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3 min read

Getting rid of the CEO to fix the company - The Uber Story

Akshay Khetrapal

Last Updated: 24 January 2023

If you had been following the ride-hailing giant (valued at $70B) recently, you’d be aware of the turmoil it’s went through. From Susan Fowler’s blog post complaining about sexual harassment and an environment rampant with sexism and discrimination, multiple lawsuits, top executives leaving and finally CEO’s leave of absence leading to a resignation, Uber has been all over the news because of its notoriety.


While this PR disaster has definitely deferred a huge Uber IPO, it also reiterated the importance of workplace culture.

Leaders need to work towards fostering a positive and healthy workplace culture

After long investigations revealing an obnoxious culture, former U.S. Attorney General Eric Holder has put forward 47 recommendations in his report. However, the road to a stable and healthier environment, along with earning back its lost reliability and trust from all its stakeholders, is going to be long and tough.

“Experts have suggested Uber needs to get rid of leaders who even tolerate bad behaviour”

According to Wharton management professor John Paul MacDuffie, “The founders always have a huge influence on the company, and here it is clear that Travis Kalanick was perhaps the formative influence on the culture”.


Kalanick’s decision to step aside during this transformation along with the firing of over 20 employees and top execs recently shows Uber’s determination to embrace massive changes to fix its culture.

Calling in external support to turn things around

Since the probe began, Uber has seen some top executives walk out the door. Recruiters have also found it hard to retain employees and hire top talent. Amidst all this, Uber has focused on looking outside the company to solve its internal problem.

Frances Frei is one of them who has joined Uber to turn around the organisation through a series of changes focusing on Uber’s gender and diversity problems. Frei is a well-acclaimed management academic from Harvard Business School and is joining as Senior Vice President — Leadership & Strategy.


While some say these are merely optics — bringing in a woman to clean up the mess made by the men at Uber, Frei, as her reputation follows, is more than ready to solve the gender-equity problem at Uber.

“I want to show people the pebbles in front of [the people at Uber] that they might see as boulders and help sweep them away”

Frei has spent her time getting feedback from everyone she could. She has been talking with the employees, managers and drivers. Mostly she’ll be focusing on training the people at Uber. She feels the people have left largely because of bad interactions with their managers.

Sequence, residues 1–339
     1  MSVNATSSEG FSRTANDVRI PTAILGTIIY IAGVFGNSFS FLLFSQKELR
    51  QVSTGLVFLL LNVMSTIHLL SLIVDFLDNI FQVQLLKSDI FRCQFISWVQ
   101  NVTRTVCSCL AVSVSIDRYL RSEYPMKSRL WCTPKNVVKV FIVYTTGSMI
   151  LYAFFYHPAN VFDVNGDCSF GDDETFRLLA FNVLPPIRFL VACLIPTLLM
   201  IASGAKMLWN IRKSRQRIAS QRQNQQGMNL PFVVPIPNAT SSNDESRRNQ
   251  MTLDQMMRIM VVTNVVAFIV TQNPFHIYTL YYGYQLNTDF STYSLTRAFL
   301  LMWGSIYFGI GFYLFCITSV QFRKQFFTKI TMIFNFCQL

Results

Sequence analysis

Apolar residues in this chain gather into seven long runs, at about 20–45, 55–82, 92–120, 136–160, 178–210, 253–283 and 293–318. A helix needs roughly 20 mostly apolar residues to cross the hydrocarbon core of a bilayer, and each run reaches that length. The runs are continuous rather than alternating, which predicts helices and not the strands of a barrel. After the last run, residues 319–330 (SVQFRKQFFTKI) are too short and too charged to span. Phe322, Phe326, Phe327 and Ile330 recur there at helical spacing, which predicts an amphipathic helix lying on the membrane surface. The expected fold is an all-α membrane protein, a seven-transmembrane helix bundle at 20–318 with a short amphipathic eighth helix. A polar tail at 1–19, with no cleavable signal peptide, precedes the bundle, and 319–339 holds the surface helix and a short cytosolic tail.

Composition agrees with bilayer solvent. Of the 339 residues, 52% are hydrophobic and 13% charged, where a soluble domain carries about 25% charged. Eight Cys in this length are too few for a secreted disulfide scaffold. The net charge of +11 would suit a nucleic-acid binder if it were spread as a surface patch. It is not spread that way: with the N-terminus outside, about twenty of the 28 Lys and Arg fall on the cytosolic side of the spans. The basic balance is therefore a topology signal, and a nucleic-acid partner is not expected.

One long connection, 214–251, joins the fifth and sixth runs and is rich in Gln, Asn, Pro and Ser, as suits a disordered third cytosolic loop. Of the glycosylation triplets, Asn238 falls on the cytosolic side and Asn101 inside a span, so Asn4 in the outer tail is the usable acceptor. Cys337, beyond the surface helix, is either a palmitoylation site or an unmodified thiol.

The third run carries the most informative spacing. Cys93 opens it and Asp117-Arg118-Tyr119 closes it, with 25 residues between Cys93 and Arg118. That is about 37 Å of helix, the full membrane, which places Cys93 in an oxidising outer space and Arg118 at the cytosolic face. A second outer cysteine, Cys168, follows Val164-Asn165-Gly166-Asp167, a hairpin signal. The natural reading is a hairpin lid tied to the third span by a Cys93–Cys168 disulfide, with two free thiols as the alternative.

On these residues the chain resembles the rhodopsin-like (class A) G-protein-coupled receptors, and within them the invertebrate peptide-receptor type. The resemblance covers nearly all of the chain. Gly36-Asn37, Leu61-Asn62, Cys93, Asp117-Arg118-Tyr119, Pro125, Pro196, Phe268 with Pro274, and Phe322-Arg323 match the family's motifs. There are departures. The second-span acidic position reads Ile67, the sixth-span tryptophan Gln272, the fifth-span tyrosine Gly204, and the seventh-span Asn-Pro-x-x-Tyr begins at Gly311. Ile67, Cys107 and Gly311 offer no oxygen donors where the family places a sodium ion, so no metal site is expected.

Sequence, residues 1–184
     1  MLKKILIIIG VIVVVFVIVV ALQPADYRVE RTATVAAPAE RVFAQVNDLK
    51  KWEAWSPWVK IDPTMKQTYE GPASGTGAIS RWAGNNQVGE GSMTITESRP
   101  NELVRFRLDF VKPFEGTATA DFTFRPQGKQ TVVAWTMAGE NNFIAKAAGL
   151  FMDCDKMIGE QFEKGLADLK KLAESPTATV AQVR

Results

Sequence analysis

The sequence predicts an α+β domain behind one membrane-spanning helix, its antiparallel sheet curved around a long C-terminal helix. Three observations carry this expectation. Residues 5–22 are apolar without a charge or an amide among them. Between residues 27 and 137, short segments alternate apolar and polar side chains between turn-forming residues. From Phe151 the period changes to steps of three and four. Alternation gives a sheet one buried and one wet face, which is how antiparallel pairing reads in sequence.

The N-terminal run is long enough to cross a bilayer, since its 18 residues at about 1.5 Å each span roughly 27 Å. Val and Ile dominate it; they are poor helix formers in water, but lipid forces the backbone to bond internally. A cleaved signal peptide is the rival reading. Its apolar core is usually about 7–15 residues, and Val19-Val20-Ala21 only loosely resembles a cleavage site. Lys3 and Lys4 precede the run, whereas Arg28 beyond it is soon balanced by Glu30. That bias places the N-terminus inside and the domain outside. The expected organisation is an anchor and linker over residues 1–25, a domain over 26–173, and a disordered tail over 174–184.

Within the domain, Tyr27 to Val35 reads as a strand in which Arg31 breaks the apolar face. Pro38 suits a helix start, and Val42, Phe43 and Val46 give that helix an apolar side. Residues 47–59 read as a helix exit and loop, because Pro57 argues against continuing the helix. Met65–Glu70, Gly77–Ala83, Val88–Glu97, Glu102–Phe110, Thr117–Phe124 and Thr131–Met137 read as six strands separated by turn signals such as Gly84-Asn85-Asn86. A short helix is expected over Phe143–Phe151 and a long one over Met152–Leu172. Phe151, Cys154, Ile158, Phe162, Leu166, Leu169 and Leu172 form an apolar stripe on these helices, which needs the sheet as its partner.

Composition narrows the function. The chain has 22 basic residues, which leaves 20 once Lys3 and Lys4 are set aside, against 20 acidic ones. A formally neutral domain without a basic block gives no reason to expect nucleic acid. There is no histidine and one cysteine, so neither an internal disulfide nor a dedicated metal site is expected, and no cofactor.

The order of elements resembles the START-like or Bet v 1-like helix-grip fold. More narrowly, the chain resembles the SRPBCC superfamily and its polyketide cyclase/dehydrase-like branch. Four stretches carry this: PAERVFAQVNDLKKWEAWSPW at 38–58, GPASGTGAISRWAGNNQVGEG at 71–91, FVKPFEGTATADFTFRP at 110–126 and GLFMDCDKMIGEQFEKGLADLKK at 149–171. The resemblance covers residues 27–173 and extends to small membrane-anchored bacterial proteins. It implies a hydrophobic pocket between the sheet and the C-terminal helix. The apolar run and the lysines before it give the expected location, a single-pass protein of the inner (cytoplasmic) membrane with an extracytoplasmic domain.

Keeping tabs on your company culture through continued observation

When asked what makes Frei sure about a positive turnaround in Uber’s culture, she says a “continued observation of good behaviour” along with “repeated action” will show the change.

And that’s what building a great company culture is all about, an ongoing and continuous culture evaluation. The important lesson for other companies, at the expense of Uber, is that a continuous culture evaluation can prevent your company from going into sudden crisis mode.

But it’s easier said than done. Culture is subjective, ever-changing and intangible. The dynamic nature of culture makes it hard to track and almost impossible to measure in realtime.

“Culture eats strategy for breakfast, lunch, and dinner” — Peter Drucker

And Uber is an exhibit on why culture is not something that impacts only HR. Culture is the blood that flows through the veins of an organisation.

While a positive culture can add value of over $250M in one year, a toxic one can very well bankrupt a company.

Measuring Culture in realtime. Where do we go from here?

As discussed above, the key is “continuous culture evaluation” which allows management to make slight course-corrections at exactly the right time to keep all horses aligned and the chariot on track.

While it sounds like a complex task — measuring culture and not every company can have well-acclaimed academics like Frances Frei to help them with the change; strides in technology can most certainly assist the CEOs to stay on the right track.

Freshly trending Artificial Intelligence and automation can help provide accurate and actionable insights on a company’s culture. That’s what Amber has been doing for over 15 companies in India. Amber acts as a virtual Culture Assistant to the CEO who regularly talks to the employees and generates realtime culture reports.


With Amber’s Predictive People Analytics, continuous culture evaluation is automated and taken care of. Find out what some of the CEOs using Amber have to say about it here.

“…not having tools like Amber is like a death sentence to any organisation which doesn’t have analytics…” — Sam Jain, CEO Fareportal

Don’t let a bad culture debt pile up and bite you in the bottom(lines)!

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